This awesome lamp works without batteries, electricity or sunlight

Share it:
Even though many of us take for granted the point that we can just hit a switch and be flooded with non-natural light, nearly one billion people in the world still have no access to electricity at all. This clearly means a lot of people are depending on unsafe and expensive kerosene lamps to provide them with light to study, cook and work after dark. But a group of engineers from the UK has now made a new device called GravityLight that runs purely using the force of gravity. The set-up is quite easy to understand, the whole thing works a little like a pulley - all you need to provide a 12 kg of weight to one end of the bead cord (this can be a sack of sand, rocks, whatsoever you like), and then simply lift that weight up by pulling down on the lamp attached to the other side.  Due to gravity, the weight gradually inclines back down to the floor, converting potential energy into kinetic energy as it descents. This kinetic energy then powers a drive sprocket and polymer gear train that lights up the LED as it goes.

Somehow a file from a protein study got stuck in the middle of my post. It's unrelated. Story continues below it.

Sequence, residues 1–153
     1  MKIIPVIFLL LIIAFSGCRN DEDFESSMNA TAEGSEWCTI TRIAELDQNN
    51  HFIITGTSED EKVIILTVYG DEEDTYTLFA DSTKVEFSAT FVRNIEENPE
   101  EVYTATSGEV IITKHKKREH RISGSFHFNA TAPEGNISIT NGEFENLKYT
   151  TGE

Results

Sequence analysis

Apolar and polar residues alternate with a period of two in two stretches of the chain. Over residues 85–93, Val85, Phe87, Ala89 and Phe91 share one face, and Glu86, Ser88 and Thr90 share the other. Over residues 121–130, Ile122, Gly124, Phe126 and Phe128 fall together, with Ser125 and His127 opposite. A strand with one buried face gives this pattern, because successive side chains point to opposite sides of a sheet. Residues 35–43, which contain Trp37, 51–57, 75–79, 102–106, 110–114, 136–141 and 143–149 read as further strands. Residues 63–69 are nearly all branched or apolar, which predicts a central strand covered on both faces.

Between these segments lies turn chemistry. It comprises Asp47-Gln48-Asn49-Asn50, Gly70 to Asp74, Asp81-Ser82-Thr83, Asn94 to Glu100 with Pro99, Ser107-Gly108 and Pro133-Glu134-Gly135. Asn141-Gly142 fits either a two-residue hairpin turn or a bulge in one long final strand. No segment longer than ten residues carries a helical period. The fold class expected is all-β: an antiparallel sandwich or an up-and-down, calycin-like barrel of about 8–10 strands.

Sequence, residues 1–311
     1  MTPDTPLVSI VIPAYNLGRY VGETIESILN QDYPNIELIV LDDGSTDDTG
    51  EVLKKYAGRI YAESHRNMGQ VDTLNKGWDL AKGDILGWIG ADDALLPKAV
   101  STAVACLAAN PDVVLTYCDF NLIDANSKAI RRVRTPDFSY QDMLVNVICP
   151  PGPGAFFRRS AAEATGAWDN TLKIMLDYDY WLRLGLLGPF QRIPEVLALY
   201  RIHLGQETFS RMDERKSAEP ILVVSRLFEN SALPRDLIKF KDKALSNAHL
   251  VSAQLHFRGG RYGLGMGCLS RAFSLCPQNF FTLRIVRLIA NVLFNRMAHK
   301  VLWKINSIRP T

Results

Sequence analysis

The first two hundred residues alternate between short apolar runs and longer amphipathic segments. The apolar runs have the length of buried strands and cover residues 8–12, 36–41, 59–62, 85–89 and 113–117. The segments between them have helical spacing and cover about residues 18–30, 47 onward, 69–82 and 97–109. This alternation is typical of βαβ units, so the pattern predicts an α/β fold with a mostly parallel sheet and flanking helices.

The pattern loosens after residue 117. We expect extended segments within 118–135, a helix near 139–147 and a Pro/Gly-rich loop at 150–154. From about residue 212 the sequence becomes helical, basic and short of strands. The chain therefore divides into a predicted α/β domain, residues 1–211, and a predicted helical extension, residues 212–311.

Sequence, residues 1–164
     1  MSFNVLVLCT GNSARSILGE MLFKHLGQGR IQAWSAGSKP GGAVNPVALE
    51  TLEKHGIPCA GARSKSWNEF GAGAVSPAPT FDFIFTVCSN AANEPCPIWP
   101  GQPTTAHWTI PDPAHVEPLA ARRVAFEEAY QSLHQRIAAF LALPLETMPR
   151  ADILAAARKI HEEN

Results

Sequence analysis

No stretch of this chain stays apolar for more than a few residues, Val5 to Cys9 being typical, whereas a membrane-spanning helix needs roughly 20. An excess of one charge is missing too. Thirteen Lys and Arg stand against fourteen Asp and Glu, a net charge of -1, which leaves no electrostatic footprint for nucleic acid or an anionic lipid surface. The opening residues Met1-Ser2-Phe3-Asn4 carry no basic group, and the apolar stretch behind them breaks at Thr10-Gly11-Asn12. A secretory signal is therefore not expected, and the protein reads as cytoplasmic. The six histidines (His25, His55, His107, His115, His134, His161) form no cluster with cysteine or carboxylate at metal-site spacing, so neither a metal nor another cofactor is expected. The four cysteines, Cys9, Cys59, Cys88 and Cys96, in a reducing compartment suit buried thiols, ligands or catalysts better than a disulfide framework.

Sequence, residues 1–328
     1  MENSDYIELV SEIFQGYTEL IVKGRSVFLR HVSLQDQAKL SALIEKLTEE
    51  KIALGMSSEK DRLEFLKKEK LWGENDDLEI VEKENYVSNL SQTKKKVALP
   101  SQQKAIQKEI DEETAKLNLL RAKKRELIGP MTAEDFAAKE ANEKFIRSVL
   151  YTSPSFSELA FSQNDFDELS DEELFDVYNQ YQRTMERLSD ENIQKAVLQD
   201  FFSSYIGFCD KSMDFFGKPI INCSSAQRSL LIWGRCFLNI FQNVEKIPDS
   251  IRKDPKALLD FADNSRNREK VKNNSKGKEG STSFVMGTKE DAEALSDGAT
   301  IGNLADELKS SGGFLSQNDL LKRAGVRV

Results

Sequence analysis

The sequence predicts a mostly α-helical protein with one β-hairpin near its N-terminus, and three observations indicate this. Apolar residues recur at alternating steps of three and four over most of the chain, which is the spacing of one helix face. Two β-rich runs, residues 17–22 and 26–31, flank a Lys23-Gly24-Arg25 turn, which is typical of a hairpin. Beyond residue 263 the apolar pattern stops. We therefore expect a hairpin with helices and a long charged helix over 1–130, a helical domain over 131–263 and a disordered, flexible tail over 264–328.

Image: GravityLight

Once the weight touches the floor, the light goes out and you need to repeat the procedure, but each pull delivers around 20 to 30 minutes of light, depending on how high you lift the weight up. The group of engineers is now crowd-funding the second version of GravityLight on Indiegogo, with the expectation that they can get US$199,000 in order to make their light brighter, long-lasting and easier to use. GravityLight will only cost around US$10. This is a whole lot inexpensive than kerosene lamps, which not only pose a high fire danger and spew out chemicals, they also burn through about 30% of a family's income, according to the GravityLight group. GravityLight will be firstly targeted to families in developing countries, with a primary focus on Kenya, and the group is hoping to deliver local jobs by producing and selling the lights over there.

Obviously, the best thing about gravity is that it's free, so once the initial investment has been made, the lights factually cost nothing to run.

H/T to Gizmodo
Share it:

Related Articles

Post A Comment